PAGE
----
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What three Rio teenagers do with a landfill windfall

30 January 2015

Stephen Brown sees a BAFTA-nominated tale of Brazil's poor

Mighty dollars: Gabriel Weinstein (left) as Rato and Rickson Tevez as Raphael in a still from Trash

Mighty dollars: Gabriel Weinstein (left) as Rato and Rickson Tevez as Raphael in a still from Trash

A QUARTER of Brazilians live in poverty. The film Trash (Cert. 15, and not to be confused with the Paul Morrissey-Andy Warhol-Joe Dallesandro 1970 cause célèbre) is about three of them.

The teenagers Raphael (Rickson Tevez), Gardo (Eduardo Luis), and Rato (Gabriel Weinstein) live hand to mouth by foraging among the landfills of Rio de Janeiro. When Raphael scoops up a wallet from the garbage, he discovers it's full of banknotes, plus the key to a railway-station locker. This contains an intriguing set of numbers, and a letter to Joaõ Clemente (Nelson Xavier), a jailed anti-corruption lawyer.

In a country riddled with fraud, the trio's dilemma is how best to hide their findings. Their suspicions are confirmed when Frederico (Selton Mello), a dishonest police inspector in cahoots with a shady character running for mayor, offers a reward for the wallet.

The story is based on a youth-orientated novel by Andy Mulligan, who has been a teacher in Brazil. Rooney Mara (Lisbeth in the American version of The Girl with the Dragon Tattoo), playing his alter ego, engages the boys in what are tantamount to situation-ethics seminars, encouraging them to discover what is "right".

There are times when the film reminds one of Millions (2004) written by Frank Cottrell Boyce (God on Trial, The Railway Man, etc.), inasmuch as it also features a boy who comes across a small fortune. In that case, the boy believes it is heaven-sent, citing scripture to endorse this perception.

In Trash, the teenagers discover through Clemente that the scribbled numbers are biblical quotations that, if decoded, could expose some of Rio's sleaziest leaders. Martin Sheen plays a world-weary but compassionate priest. He is hard-headed enough to know how many beans make five. "Wherever there's corruption and injustice," he roars, "there are dollars" - in this case, a fistful of them.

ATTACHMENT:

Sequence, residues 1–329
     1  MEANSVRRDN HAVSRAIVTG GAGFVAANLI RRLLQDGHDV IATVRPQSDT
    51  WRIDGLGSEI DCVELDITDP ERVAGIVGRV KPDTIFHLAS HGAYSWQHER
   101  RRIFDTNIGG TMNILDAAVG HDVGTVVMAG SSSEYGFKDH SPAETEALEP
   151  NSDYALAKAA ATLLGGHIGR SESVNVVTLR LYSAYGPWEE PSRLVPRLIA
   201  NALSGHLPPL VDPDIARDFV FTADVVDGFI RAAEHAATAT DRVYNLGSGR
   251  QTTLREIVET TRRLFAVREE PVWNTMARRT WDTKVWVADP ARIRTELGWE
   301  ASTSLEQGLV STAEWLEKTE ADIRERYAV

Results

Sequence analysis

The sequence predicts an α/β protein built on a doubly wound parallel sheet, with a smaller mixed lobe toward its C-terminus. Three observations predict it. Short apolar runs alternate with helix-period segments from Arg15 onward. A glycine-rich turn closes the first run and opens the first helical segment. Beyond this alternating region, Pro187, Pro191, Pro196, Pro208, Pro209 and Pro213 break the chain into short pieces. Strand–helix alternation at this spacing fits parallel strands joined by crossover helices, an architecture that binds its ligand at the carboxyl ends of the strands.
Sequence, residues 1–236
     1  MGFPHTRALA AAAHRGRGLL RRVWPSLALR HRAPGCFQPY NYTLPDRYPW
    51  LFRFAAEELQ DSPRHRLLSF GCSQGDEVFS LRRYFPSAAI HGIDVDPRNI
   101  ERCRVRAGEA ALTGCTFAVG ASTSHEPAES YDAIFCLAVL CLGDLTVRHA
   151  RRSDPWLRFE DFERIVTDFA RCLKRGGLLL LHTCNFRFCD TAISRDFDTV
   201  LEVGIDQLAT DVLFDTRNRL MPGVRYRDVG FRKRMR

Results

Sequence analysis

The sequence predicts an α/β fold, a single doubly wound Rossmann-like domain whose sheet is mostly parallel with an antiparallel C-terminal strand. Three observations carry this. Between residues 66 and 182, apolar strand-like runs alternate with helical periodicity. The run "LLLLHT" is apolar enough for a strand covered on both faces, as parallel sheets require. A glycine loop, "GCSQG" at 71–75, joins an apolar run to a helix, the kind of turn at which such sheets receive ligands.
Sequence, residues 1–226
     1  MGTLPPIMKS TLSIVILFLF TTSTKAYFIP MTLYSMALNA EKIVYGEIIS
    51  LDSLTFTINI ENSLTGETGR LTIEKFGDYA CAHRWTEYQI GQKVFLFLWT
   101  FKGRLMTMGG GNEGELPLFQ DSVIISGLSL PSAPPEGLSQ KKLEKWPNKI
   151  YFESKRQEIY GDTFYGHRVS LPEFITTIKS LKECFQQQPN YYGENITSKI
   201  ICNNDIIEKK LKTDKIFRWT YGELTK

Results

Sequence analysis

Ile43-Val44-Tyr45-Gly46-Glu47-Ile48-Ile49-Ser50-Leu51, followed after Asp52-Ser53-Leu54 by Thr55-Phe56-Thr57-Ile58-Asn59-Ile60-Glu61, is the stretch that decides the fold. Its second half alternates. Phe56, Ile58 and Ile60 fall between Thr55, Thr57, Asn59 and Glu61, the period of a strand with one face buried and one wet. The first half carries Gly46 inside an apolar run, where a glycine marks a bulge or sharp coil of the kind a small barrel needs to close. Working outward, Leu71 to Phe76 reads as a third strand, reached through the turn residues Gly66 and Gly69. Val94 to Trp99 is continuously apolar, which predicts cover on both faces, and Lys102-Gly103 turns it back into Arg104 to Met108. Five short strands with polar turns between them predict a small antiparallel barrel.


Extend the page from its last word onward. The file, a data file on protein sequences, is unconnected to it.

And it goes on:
His tough-love assistance is decidedly about enabling an option for the poor to be realised. But which of these choices in this situation is right: should the teenagers pocket the money, collude with slush-fund politicians, or redistribute it among the needy? In genre terms, we are watching what turns out to be a rather spiritual tale wrapped up as an adventurous thriller - more Three Musketeers than Secret Seven, one would have to say. Or, returning to its biblical references, this is a David and Goliath story. In church, one of the boys even dances before the altar, as King David did.

It doesn't take much to guess what happens, but the excitement lies in the process by which it is all resolved. The script is by Richard Curtis (The Vicar of Dibley, Love Actually, Blackadder): not someone I readily equate with thrills, although we know his commitment through Comic Relief to the world's most destitute people. And its director, Stephen Daldry, began his film career with Billy Elliot (2000), about another teenage boy overcoming social and economic obstacles.

There are differences, of course, in this new film, which offers us gritty realism before waving an almost magical wand over events. We won't have to wait long to learn whether this BAFTA-nominated film has been seen by Academy voters as an impressive clarion call for communal justice, or an example of cheap grace being slathered over issues that deserve more serious analysis.

On current release.

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